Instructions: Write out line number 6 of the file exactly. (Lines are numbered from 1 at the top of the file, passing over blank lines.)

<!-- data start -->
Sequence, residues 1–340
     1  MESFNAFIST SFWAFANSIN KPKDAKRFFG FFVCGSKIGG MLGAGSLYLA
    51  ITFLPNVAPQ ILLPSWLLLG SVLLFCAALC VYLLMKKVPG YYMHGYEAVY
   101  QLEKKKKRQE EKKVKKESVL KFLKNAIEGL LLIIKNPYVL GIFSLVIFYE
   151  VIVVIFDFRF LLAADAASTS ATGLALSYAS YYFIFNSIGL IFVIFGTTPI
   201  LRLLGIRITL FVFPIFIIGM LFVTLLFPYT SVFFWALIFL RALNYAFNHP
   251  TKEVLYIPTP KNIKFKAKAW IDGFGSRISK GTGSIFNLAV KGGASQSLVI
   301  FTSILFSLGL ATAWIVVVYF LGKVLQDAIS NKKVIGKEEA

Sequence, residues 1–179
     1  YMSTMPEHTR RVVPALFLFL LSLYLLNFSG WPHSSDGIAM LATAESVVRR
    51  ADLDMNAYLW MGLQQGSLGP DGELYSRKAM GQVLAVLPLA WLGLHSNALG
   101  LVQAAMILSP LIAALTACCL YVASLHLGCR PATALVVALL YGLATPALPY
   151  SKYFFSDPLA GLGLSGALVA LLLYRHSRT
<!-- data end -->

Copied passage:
   201  LRLLGIRITL FVFPIFIIGM LFVTLLFPYT SVFFWALIFL RALNYAFNHP